Once you enable POP within your Gmail account, you can then set up your account in POP Peeper just like you would with a regular POP3 account.
For Gmail, the Incoming mail server is pop.gmail.com, and outgoing is smtp.gmail.com. Make sure to use your full email address as your login name and you’re good to go.
Free Webmail Accounts: Setting Up Yahoo, Hotmail, Gmail and others with POP Peeper
If you have a free webmail account (or several) like Yahoo, Hotmail and others, setting up access to those accounts through POP Peeper couldn’t be easier. Access to a long list of free online email services is supported by this application. All you need to do is select the service, enter your account details, and the software will immediately integrate with your online account.
Again, color code the source and you’re golden. It really doesn’t get any easier than this.
Configuring Notifications, Email Access and Other Features
Once you have POP Peeper set up to poll your long list of email accounts for you, all that’s left is to set up the application to behave as you’d like it to. There are many features you can tweak, but the most important items you’ll want to configure if you want the app to run as efficiently as possible are storage settings, polling interval and notification options.
You can configure the application so that it only downloads the message headers and doesn’t store the message to disk. This is the best option if you just want notification and would rather not use the application as your mail client.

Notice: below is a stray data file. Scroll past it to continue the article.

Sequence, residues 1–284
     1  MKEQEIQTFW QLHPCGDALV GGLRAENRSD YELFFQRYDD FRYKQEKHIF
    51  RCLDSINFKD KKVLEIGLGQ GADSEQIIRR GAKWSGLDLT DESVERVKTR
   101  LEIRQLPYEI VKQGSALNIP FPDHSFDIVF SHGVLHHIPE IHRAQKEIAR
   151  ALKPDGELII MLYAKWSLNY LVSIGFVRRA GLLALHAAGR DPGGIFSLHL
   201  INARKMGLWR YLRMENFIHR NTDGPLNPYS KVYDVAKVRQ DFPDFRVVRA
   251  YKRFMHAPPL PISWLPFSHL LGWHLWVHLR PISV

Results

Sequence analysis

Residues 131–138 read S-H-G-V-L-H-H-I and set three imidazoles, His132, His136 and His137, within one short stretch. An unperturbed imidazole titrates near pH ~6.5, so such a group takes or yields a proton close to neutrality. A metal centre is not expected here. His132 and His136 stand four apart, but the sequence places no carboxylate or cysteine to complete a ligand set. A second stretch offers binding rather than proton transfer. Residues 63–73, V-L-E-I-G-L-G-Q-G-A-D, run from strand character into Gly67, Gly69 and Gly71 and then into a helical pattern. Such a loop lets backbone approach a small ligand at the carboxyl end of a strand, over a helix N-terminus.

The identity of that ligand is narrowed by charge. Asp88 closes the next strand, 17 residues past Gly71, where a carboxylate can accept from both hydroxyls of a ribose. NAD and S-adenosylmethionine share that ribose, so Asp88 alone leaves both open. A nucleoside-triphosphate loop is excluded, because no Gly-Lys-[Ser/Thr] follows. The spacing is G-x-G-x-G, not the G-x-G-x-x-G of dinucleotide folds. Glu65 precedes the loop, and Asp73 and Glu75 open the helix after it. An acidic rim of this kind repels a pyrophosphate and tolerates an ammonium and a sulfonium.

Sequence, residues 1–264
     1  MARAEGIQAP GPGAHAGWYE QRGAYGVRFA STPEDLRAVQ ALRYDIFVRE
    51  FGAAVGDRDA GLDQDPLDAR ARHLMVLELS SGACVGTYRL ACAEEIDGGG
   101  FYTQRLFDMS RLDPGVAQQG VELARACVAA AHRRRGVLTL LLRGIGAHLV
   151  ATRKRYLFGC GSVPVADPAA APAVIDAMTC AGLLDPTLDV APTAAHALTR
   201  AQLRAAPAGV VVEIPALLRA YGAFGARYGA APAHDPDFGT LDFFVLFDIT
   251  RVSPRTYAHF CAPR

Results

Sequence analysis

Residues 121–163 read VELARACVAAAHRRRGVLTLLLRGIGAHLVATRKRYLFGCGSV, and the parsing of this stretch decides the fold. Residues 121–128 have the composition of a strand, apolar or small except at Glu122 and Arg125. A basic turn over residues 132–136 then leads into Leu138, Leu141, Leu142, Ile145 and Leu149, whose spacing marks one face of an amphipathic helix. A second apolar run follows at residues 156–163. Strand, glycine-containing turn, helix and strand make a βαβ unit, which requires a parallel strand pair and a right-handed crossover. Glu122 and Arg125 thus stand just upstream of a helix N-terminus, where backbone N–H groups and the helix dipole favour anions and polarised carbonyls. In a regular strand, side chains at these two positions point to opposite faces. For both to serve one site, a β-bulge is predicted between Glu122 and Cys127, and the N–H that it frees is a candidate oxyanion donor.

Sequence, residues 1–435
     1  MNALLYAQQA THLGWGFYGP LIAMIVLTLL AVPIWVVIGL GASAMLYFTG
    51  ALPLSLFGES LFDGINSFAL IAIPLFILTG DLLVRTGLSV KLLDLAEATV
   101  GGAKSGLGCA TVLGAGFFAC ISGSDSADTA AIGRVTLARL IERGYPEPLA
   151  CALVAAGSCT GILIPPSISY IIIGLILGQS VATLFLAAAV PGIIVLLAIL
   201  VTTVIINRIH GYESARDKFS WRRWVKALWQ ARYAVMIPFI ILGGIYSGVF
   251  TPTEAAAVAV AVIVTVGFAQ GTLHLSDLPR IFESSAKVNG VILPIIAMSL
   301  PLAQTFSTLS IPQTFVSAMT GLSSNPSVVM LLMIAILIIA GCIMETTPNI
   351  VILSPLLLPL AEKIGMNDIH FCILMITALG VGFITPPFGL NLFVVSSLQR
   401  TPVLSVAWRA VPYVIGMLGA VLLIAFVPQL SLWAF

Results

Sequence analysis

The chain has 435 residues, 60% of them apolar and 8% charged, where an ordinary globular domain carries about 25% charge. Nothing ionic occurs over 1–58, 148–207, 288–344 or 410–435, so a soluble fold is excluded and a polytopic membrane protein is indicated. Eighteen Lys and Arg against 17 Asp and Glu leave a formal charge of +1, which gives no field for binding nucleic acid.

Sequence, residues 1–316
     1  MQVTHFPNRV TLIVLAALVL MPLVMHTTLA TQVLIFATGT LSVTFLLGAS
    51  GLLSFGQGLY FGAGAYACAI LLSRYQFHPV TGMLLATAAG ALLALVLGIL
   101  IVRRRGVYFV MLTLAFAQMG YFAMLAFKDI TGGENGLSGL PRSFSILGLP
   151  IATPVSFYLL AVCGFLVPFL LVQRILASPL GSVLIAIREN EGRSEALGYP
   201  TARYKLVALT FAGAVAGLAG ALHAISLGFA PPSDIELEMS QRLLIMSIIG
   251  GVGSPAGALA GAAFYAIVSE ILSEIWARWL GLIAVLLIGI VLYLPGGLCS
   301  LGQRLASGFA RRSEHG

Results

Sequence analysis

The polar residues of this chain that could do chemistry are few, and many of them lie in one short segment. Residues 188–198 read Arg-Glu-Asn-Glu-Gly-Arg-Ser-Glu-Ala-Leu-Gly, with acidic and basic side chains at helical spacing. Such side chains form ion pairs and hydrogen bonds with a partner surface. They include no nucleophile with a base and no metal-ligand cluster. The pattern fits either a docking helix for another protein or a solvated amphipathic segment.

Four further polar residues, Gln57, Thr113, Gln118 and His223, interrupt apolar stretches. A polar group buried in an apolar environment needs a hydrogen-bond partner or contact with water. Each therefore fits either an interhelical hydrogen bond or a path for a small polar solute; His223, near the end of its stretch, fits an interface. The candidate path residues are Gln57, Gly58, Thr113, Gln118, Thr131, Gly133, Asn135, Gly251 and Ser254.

Next, set up how often you want the application to go out and poll all of your email accounts. Another option is that you can “Enable Time Scheduling,” meaning you can set the application to only go out and poll your accounts at specific times during the day. Check your email only at lunchtime? Set up POP Peeper to go out and pull down all of your emails around that time.
My favorite feature of POP Peeper is the ability to configure how it notifies you when you have new emails. You can have it play a sound file, flash the Scroll Lock light, pop up a balloon from the tray icon and open up the application automatically. You set the level of notification you want that you won’t find too annoying while you’re trying to work.
Your Email Control Center
Using POP Peeper is pretty cool, once you have all of your accounts set up from around the web. This is the best way to consolidate those dozens of email accounts that you’re constantly forgetting to check. Now you’ll never miss another email again.
The cool thing about this “control center” for all of your email accounts is that you can either view all of your emails in one place, color coded by account, or you can select a particular account that you want to focus on. The option is yours. However you use it, POP Peeper will make sure that you’re instantly aware the moment anyone ever sends you another email to that obscure email account that you hardly ever use any more. Now you can keep track of everything in one convenient place.
Do you have your own methods of managing your many email accounts? Share your techniques in the comments section below.